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Valle v. Astrue

February 23, 2010


The opinion of the court was delivered by: Margaret A. Nagle United States Magistrate Judge


Plaintiff filed a Complaint on July 2, 2008, seeking review of the denial by the Social Security Commissioner ("Commissioner") of plaintiff's application for a period of disability ("POD") and disability insurance benefits ("DIB"). On October 16, 2008, the parties consented to proceed before the undersigned Magistrate Judge pursuant to 28 U.S.C. § 636(c). The parties filed a Joint Stipulation on April 2, 2009, in which: plaintiff seeks an order reversing the Commissioner's decision and awarding benefits or, alternatively, remanding the case to the Commissioner for a new administrative hearing; and defendant asks that the Commissioner's decision be affirmed. The Court has taken the parties' Joint Stipulation under submission without oral argument.


Plaintiff filed her application for a POD and DIB on October 25, 2004, alleging an inability to work since August 2, 2004, due to complications from hepatitis C and depression. (Administrative Record ("A.R.") 13, 101-03.) Plaintiff has past relevant work experience as a lamp painter, packer, administrative assistant, and aircraft assembler. (A.R. 14.)

The Commissioner denied plaintiff's claim for benefits, and plaintiff timely requested a hearing. (A.R. 81-86.) On January 22, 2007, plaintiff, who was not represented by counsel, appeared and testified, with the assistance of a Spanish language interpreter, at a hearing before Administrative Law Judge Robert J. Grossman ("ALJ"). (A.R. 20-78.)

In his written decision, the ALJ indicated that, plaintiff "stated at the hearing that she was amending her application to request a 'closed period' of disability from August 2, 2004 to July 2, 2005." (A.R. 13.) Notwithstanding the fact that if, in fact, plaintiff had so amended her application, then the 12-month durational requirement established by 42 U.S.C. § 423(d)(1)(A) would not have been met, the ALJ nevertheless addressed whether plaintiff was disabled from August 2, 2004, to July 2, 2005. (A.R. 19.)

On August 2, 2007, the ALJ denied plaintiff's claim (A.R. 13-19), and the Appeals Council subsequently denied plaintiff's request for review of the ALJ's decision (A.R. 2-4).

The ALJ found that plaintiff met the nondisability requirements for a POD and DIB, and was insured for benefits through June 30, 2006. (A.R. 18.) The ALJ further found that plaintiff had been engaging in substantial gainful activity since October 12, 2006. (Id.)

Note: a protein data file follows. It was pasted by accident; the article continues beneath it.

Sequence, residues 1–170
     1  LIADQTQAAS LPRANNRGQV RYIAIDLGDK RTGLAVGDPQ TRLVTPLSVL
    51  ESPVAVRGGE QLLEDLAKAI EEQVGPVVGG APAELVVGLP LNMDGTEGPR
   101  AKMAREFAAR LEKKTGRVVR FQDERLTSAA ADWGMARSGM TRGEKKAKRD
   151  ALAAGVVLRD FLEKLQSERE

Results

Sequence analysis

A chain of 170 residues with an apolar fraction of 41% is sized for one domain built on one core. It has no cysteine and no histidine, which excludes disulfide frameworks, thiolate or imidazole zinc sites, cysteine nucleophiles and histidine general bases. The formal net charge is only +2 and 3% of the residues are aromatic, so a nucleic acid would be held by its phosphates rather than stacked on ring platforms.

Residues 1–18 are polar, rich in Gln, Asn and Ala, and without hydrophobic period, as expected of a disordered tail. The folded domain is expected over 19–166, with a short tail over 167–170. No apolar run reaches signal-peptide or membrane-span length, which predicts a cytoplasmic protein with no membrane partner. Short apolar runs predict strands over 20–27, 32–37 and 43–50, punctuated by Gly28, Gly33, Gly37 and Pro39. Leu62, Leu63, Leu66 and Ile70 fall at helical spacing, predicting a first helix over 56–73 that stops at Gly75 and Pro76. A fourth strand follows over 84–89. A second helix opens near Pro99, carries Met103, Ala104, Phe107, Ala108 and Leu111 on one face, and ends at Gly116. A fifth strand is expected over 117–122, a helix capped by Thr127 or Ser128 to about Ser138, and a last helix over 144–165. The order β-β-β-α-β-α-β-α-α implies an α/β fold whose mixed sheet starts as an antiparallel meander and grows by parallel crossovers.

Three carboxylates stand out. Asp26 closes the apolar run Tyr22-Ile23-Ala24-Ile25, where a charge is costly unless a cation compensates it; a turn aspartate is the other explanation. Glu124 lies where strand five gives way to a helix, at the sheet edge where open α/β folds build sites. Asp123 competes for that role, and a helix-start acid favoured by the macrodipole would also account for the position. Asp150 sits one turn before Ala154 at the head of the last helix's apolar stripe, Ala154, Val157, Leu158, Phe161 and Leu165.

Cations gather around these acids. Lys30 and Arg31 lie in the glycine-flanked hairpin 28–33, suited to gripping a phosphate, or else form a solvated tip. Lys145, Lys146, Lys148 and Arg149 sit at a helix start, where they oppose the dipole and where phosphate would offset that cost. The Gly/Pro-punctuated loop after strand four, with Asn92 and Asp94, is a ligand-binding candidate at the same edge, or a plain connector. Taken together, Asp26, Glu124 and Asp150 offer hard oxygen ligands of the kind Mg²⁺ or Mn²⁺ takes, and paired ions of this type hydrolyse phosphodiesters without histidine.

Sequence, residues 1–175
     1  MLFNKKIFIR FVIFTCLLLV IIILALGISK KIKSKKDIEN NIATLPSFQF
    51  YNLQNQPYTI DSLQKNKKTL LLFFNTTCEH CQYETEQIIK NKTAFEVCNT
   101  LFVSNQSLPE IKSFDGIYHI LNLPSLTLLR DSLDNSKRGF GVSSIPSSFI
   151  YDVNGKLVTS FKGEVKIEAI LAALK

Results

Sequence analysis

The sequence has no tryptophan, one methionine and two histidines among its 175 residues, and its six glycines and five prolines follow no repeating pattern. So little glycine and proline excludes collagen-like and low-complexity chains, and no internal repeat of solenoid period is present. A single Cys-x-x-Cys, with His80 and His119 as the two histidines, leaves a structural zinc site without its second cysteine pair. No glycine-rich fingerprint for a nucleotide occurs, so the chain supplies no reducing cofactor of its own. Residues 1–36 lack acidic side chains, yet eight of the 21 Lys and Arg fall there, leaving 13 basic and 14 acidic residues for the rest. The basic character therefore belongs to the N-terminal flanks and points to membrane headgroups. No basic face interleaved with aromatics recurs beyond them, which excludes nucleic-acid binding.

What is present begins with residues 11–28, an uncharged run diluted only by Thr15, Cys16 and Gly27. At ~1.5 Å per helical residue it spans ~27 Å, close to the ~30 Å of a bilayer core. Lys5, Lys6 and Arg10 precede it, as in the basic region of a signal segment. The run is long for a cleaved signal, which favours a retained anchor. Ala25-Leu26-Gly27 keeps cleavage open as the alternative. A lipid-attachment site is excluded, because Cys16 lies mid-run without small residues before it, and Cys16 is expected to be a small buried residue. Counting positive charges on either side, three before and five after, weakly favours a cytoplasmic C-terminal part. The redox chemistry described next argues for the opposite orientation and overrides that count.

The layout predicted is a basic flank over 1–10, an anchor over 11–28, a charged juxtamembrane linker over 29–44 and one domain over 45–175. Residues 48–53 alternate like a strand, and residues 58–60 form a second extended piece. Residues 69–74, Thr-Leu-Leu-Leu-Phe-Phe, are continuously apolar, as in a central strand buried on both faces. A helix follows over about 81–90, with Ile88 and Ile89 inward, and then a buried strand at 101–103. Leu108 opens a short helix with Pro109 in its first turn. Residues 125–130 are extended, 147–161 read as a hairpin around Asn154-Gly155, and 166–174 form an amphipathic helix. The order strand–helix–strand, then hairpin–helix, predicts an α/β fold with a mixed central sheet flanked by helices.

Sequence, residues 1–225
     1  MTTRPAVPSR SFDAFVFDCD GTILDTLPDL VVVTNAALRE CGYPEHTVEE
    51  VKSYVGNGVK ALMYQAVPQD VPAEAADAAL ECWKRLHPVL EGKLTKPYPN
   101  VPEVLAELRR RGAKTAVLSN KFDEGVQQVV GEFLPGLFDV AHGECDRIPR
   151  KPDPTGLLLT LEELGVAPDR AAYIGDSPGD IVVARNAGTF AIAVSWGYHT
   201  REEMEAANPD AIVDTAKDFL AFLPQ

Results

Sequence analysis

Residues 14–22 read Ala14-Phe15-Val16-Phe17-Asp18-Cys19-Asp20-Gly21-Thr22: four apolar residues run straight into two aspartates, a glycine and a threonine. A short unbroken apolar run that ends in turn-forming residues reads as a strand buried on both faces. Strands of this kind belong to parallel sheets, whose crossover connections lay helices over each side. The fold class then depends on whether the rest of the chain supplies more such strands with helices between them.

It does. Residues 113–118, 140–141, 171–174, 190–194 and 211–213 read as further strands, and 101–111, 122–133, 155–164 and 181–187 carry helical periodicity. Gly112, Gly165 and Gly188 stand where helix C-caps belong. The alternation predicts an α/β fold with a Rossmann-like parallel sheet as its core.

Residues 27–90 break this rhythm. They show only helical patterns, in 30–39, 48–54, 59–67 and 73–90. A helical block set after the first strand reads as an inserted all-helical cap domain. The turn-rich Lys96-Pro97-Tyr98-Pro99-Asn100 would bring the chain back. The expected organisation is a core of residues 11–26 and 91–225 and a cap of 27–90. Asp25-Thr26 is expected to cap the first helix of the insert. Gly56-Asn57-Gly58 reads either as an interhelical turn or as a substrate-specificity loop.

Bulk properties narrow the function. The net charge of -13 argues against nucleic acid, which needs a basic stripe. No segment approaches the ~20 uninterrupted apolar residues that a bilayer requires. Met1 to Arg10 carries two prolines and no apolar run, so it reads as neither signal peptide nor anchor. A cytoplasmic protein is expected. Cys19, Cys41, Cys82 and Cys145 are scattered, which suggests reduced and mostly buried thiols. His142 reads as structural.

The ALJ determined that plaintiff had the following "severe" impairment: hepatitis C. (A.R. 18.) The ALJ found that the "medical evidence does not support the contentions of [plaintiff] and her husband," and plaintiff "was not limited to the degree she has alleged during the period in question." (A.R. 16-17.)

Consistent with the opinion of the consultative internal medicine examiner, Barry Gordon Gwartz, M.D., the ALJ found that plaintiff was able to: lift 20 pounds occasionally; lift and carry 10 pounds frequently; and walk and stand for six hours in an eight hour work day. (A.R. 18-19.)

Based on the ALJ's residual functional capacity assessment and the testimony of a vocational expert, the ALJ found that plaintiff would have been, and still is, able to return to any of her past relevant jobs. (A.R. 18.) Accordingly, the ALJ concluded that plaintiff was not under a disability, as defined in the Social Security Act, at anytime through June 30, 2006, her date last insured. (A.R. 19.)


Under 42 U.S.C. § 405(g), this Court reviews the Commissioner's decision to determine whether it is free from legal error and supported by substantial evidence in the record as a whole. Orn v. Astrue, 495 F.3d 625, 630 (9th Cir. 2007). Substantial evidence is "'such relevant evidence as a reasonable mind might accept as adequate to support a conclusion.'" Id. (citation omitted). The "evidence must be more than a mere scintilla but not necessarily a preponderance." Connett v. Barnhart, 340 F.3d 871, 873 (9th Cir. 2003). While inferences from the record can constitute substantial evidence, only those "'reasonably drawn from the record'" will suffice. Widmark v. Barnhart, 454 F.3d 1063, 1066 (9th Cir. 2006) (citation omitted).

Although this Court cannot substitute its discretion for that of the Commissioner, the Court nonetheless must review the record as a whole, "weighing both the evidence that supports and the evidence that detracts from the [Commissioner's] conclusion." Desrosiers v. Sec'y of Health and Human Servs., 846 F.2d 573, 576 (9th Cir. 1988); see also Jones v. Heckler, 760 F.2d 993, 995 (9th Cir. 1985). "The ALJ is responsible for determining credibility, resolving conflicts in medical testimony, and for resolving ambiguities." Andrews v. Shalala, 53 F.3d 1035, 1039-40 (9th Cir. 1995).

The Court will uphold the Commissioner's decision when the evidence is susceptible to more than one rational interpretation. Burch v. Barnhart, 400 F.3d 676, 679 (9th Cir. 2005). However, the Court may review only the reasons stated by the ALJ in his decision "and may not affirm the ALJ on a ground upon which he did not rely." Orn, 495 F.3d at 630; see also Connett, 340 F.3d at 874. The Court will not reverse the Commissioner's decision if it is based on harmless error, which exists only when it is "clear from the record that an ALJ's error was 'inconsequential to the ultimate nondisability determination.'" Robbins v. Soc. Sec. Admin., 466 F.3d 880, 885 (9th Cir. 2006) (quoting Stout v. Comm'r, 454 F.3d 1050, 1055-56 (9th Cir. 2006)); see also Burch, 400 F.3d at 679.


Plaintiff alleges three issues: (1) whether the ALJ fully and fairly developed the record; (2) whether the ALJ considered plaintiff's treating physician's opinion properly; and (3) whether the ALJ erred in determining the credibility of ...

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